MEM Capstone Courses and Guidance
Learn more about the capstone requirement and courses.
On This Page
A highlight and requirement of the MEM curriculum is one designated capstone course, or one independent capstone project with a faculty advisor, during the second year of study.* All YSE capstone courses can be found below, and additional information about the MEM capstone experience can be found in the MEM Capstone Guidance section.
*Part-time students can complete the requirement any time after completing the equivalent of one full year of study; joint degree students can complete the requirement during, or any time after, their final two matriculated YSE semesters; MEM-5 students can complete the requirement in either semester.
Note that a capstone course used to fulfill the MEM capstone requirement cannot also be used toward fulfilling an MEM Specialization requirement; a capstone course taken once cannot be used to fulfill multiple requirements.
For specific capstone questions, please email email@example.com.
Capstone Course Listings
- ENV 951 Strategic Environmental Communication (Anthony Leiserowitz)
- ENV 953 Sustainable Business Capstone Consulting Clinic (Peter Boyd)
- ENV 954 Management Plans for Protected Areas (Mark Ashton)
- ENV 956 Strategies for Land Conservation (Brady Gentry)
- ENV 957 Field Skills in Land Stewardship (Mark Ashton)
- ENV 959 Clinic in Environmental/Climate Justice, Sustainability, and Public Health (Laura Bozzi)
- ENV 962 Tribal Resources and Sovereignty-Clinic (Patrick Gonzalez-Rodgers)
- ENV 963 Case Studies in Water Management: Conflict and Cooperation (Shimon Anisfeld)
- ENV 970 Environmental Protection Clinic Policy and Advocacy (Douglas Kysar)
- ENV 971 Land Use Clinic (Jessica Bacher)
- ENV 972 Advanced Environmental Protection Clinic (Follows Law School Calendar) (Doug Kysar)
- ENV 974 Social Innovation Starter (Teresa Chahine)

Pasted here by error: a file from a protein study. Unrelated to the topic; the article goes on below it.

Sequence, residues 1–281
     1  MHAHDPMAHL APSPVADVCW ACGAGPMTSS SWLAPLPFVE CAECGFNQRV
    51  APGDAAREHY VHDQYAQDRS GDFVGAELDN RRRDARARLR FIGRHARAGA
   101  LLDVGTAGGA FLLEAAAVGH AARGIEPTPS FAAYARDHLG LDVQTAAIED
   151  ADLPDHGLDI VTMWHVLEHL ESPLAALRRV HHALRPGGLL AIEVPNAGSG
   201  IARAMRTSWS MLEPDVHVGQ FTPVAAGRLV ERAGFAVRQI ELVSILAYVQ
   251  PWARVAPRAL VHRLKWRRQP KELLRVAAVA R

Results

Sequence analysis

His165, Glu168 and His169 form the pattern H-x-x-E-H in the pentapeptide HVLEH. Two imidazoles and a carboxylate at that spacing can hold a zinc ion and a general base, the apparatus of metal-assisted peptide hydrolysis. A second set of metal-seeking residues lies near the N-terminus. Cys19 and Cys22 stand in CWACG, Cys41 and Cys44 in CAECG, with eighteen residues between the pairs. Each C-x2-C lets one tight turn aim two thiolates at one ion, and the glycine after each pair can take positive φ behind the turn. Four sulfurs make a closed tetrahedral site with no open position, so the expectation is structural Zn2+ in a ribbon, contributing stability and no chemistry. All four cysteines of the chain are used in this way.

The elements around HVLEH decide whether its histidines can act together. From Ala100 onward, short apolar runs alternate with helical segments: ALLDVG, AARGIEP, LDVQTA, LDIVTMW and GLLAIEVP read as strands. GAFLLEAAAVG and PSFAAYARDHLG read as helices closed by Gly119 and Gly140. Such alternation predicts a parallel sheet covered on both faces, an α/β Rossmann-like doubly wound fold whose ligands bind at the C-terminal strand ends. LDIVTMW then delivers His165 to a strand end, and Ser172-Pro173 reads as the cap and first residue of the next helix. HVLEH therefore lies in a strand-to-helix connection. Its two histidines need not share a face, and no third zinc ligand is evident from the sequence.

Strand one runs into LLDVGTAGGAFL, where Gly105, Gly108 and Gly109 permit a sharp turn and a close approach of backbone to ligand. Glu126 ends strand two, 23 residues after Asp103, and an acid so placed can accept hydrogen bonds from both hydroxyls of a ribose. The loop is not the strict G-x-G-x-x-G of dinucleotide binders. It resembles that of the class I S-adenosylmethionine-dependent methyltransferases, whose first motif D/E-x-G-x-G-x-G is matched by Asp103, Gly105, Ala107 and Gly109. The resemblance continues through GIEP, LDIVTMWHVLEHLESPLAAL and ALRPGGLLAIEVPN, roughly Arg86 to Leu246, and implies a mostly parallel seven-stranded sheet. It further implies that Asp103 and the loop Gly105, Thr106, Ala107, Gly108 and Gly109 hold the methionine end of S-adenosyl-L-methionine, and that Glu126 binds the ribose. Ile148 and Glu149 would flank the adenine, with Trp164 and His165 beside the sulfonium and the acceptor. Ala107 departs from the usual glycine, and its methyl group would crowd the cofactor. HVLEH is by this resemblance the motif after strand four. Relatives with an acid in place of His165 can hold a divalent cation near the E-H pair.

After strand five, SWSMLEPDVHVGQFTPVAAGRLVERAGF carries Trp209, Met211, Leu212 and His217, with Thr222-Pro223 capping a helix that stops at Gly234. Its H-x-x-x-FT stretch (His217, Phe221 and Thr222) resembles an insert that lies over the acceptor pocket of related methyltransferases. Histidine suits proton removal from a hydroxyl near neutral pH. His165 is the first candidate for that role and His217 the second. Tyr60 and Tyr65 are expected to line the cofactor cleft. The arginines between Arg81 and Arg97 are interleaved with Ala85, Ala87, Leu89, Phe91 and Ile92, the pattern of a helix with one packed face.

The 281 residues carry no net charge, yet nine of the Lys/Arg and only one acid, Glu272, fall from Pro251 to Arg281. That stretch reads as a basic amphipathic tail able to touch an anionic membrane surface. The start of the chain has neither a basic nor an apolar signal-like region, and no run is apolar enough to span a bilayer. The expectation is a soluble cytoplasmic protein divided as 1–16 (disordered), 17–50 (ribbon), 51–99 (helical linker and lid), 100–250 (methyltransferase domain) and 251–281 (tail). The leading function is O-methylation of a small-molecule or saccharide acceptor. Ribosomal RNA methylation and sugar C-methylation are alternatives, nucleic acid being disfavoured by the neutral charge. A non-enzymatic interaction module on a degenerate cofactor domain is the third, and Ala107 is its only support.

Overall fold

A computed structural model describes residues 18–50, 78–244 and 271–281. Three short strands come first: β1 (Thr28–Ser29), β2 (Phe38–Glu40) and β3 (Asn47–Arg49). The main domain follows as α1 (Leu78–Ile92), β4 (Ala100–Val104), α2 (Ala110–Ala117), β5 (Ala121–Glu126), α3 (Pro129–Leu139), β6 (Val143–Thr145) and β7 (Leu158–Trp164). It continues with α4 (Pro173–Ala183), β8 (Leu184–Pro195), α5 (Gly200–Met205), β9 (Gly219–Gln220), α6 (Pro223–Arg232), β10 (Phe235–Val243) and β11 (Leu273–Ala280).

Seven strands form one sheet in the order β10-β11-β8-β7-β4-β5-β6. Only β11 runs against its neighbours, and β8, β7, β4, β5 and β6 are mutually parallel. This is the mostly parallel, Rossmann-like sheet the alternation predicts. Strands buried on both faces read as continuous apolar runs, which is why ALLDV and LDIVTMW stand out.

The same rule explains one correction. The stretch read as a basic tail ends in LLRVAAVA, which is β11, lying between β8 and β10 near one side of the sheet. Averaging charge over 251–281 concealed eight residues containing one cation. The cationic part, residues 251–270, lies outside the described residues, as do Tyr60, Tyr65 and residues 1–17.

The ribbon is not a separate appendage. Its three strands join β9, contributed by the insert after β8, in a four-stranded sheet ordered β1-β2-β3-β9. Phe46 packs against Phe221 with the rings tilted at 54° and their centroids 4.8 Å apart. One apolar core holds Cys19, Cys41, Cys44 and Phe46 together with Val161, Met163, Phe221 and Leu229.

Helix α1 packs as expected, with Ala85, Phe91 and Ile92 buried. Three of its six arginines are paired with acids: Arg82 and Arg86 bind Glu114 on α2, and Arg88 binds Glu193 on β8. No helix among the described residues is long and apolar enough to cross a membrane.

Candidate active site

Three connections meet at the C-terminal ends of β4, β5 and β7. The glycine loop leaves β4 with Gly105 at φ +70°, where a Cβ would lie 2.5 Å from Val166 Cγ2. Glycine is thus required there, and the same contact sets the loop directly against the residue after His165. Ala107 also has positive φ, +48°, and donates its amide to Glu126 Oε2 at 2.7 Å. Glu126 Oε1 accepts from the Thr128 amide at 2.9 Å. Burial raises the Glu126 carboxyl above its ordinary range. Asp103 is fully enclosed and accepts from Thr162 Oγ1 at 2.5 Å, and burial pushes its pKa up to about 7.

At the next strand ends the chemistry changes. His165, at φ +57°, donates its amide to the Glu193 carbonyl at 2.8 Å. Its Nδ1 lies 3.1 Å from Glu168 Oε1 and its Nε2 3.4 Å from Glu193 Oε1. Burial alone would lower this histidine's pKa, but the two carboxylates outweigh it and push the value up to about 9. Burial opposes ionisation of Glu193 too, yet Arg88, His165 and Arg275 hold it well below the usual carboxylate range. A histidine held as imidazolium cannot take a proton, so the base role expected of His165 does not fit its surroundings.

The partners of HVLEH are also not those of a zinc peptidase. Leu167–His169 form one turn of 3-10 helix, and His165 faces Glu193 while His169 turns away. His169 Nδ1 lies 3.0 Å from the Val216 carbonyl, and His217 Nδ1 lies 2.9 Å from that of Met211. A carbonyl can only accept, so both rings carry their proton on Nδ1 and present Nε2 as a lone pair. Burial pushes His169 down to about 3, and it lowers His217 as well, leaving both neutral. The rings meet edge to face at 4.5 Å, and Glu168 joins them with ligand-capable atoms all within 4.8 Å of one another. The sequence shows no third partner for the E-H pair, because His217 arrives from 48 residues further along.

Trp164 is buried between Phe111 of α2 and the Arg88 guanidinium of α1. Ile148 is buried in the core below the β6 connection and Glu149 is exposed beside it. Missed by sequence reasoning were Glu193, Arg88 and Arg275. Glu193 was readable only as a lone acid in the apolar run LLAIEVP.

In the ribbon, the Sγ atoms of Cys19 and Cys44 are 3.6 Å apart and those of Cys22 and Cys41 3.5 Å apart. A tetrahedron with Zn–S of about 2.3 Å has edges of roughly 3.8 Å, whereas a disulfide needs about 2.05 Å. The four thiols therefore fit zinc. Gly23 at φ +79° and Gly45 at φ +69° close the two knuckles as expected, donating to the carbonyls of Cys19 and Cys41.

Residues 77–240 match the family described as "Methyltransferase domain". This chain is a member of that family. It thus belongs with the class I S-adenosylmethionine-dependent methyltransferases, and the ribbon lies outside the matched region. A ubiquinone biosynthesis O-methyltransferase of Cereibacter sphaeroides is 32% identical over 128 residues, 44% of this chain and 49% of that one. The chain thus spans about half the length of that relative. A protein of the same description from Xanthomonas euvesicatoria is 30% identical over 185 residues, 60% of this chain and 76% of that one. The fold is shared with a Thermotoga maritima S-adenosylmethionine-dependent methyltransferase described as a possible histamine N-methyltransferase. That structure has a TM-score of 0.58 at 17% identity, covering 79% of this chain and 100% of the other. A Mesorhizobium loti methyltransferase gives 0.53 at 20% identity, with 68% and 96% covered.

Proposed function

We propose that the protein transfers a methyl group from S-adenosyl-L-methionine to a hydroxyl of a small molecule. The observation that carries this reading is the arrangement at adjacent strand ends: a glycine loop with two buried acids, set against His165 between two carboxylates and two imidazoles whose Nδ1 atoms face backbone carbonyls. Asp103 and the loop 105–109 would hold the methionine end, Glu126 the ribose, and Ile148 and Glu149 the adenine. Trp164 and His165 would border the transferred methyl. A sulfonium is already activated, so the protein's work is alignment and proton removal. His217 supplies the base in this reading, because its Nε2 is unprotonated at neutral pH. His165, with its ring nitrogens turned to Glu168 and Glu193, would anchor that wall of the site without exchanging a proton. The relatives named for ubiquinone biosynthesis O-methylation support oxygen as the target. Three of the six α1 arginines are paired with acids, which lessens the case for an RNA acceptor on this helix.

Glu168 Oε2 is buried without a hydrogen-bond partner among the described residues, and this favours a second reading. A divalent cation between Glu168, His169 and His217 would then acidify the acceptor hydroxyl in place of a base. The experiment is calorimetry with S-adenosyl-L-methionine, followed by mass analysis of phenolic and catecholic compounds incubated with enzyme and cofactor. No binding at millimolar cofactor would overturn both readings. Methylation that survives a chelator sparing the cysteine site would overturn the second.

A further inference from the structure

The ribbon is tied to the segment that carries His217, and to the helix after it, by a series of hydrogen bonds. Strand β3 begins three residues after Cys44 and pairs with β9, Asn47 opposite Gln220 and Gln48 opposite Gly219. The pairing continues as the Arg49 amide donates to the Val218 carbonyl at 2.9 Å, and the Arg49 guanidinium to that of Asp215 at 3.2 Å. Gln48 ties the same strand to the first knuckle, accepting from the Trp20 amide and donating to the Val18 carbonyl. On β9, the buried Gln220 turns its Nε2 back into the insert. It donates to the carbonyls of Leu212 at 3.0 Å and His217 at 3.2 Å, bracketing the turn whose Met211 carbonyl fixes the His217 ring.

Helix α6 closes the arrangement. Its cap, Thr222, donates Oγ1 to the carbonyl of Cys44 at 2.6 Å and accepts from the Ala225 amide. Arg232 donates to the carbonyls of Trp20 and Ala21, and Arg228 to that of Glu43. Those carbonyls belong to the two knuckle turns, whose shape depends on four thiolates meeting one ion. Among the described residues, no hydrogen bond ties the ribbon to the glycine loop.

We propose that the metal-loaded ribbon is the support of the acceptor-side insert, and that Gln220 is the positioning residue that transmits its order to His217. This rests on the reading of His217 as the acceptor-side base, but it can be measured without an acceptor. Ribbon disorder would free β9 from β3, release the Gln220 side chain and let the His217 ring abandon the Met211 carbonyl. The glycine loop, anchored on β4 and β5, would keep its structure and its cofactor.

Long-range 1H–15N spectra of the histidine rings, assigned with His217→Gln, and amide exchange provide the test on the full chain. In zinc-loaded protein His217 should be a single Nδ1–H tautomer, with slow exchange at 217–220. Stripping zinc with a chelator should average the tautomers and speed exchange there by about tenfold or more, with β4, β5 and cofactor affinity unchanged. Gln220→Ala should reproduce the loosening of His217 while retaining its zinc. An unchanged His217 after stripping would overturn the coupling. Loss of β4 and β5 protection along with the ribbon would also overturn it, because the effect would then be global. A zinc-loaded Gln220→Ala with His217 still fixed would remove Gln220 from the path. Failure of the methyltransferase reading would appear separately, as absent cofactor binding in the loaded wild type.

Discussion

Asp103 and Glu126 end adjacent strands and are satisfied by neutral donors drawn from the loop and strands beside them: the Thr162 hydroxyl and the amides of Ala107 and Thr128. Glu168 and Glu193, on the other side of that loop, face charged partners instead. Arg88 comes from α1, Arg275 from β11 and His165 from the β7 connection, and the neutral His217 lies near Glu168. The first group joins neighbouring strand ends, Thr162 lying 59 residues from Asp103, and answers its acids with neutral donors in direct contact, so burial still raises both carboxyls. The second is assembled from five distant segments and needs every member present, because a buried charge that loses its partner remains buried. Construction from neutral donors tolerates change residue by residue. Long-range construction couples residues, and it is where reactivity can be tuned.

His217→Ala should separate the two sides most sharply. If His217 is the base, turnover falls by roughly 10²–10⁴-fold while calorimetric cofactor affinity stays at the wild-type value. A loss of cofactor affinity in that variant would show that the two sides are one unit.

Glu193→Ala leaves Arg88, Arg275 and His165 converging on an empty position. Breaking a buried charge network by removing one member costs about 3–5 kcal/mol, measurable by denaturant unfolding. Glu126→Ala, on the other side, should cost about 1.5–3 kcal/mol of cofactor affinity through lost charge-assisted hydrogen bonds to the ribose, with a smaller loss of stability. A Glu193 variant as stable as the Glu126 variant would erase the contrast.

- ENV 975 Western Lands and Communities Field Clinic: Research to Practice (Justin Farrell)
- ENV 979 Capstone: Deep Decarbonization by Sub-national Actors (Rob Klee)
- ENV 982 Green Engineering and Sustainability (Julie Zimmerman)
- ENV 985 Capstone: Neighborhood Planning Workshop (David Kooris)
- ENV 990 Climate, Animals, Food, and Environment Law & Policy Lab ("CAFE Lab") (Doug Kysar)
- ENV 991 Advanced Climate, Animals, Food, and Environment Law and Policy Lab (Doug Kysar)
- GLBL 6300, Sustainability Transitions: Principles and Practice in India (Jessica Seddon)
- MGT 529 Global Social Entrepreneurship (Fall) (Tony Sheldon)
- MGT 865 Global Social Entrepreneurship (Spring) (Tony Sheldon)
- MGT 955 Urban Resilience: Cities in a Post-Covid19 World: From Crisis & Recovery (Murali Chandrashekaran)
Goals of the YSE MEM Capstone Experience
A requirement of the MEM curriculum is one designated capstone course, or one independent capstone project with a faculty advisor. Capstone courses are intended to offer MEM students a culminating professional experience by engaging them in projects that connect their prior coursework with real-world efforts to understand and improve the management of environmental resources.
While a wide range of projects may qualify, some examples include efforts to address climate change, water scarcity, energy access, pollution burdens, habitat conservation, urban resilience, sustainable production and many others. The capstone should be a minimum of three credits and allow for the integration of different experiences into a single representation of a student’s work, helping to set up the transition to a professional career.
Students can take any capstone course at any point during their time at YSE, although the MEM capstone requirement can only be fulfilled during the second year of study. (Part-time students can complete the requirement any time after completing the equivalent of one full year of study; joint degree students can complete the requirement during, or any time after, their final two matriculated YSE semesters; MEM-5 students can complete the requirement in either semester.)
Guiding Principles for Capstones
Designated capstone courses and independent capstone projects should seek to:
- Focus on real-world problems or opportunities of the types students are likely to encounter in their professional careers;
- Incorporate interdisciplinary perspectives as appropriate for effective environmental management;
- Challenge students to make judgments in the face of uncertainty;
- Provide opportunities to work with clients in a clinic-based format;
- Encourage participation of students from any MEM specialization;
- Require a group or individual deliverable that represents the culmination of work over the course of the project, following the development of an initial project work plan.
Applying Guiding Principles
Courses that may qualify as capstones will be reviewed against the principles above by the Senior Associate Dean for Professional Practice and recommended to the Master’s Program Committee (MPC) for comment and approval by vote. Independent projects that may qualify as capstones should be reviewed against the criteria above by the advisor of record, who will also make the determination of whether the project will count as a capstone prior to official enrollment.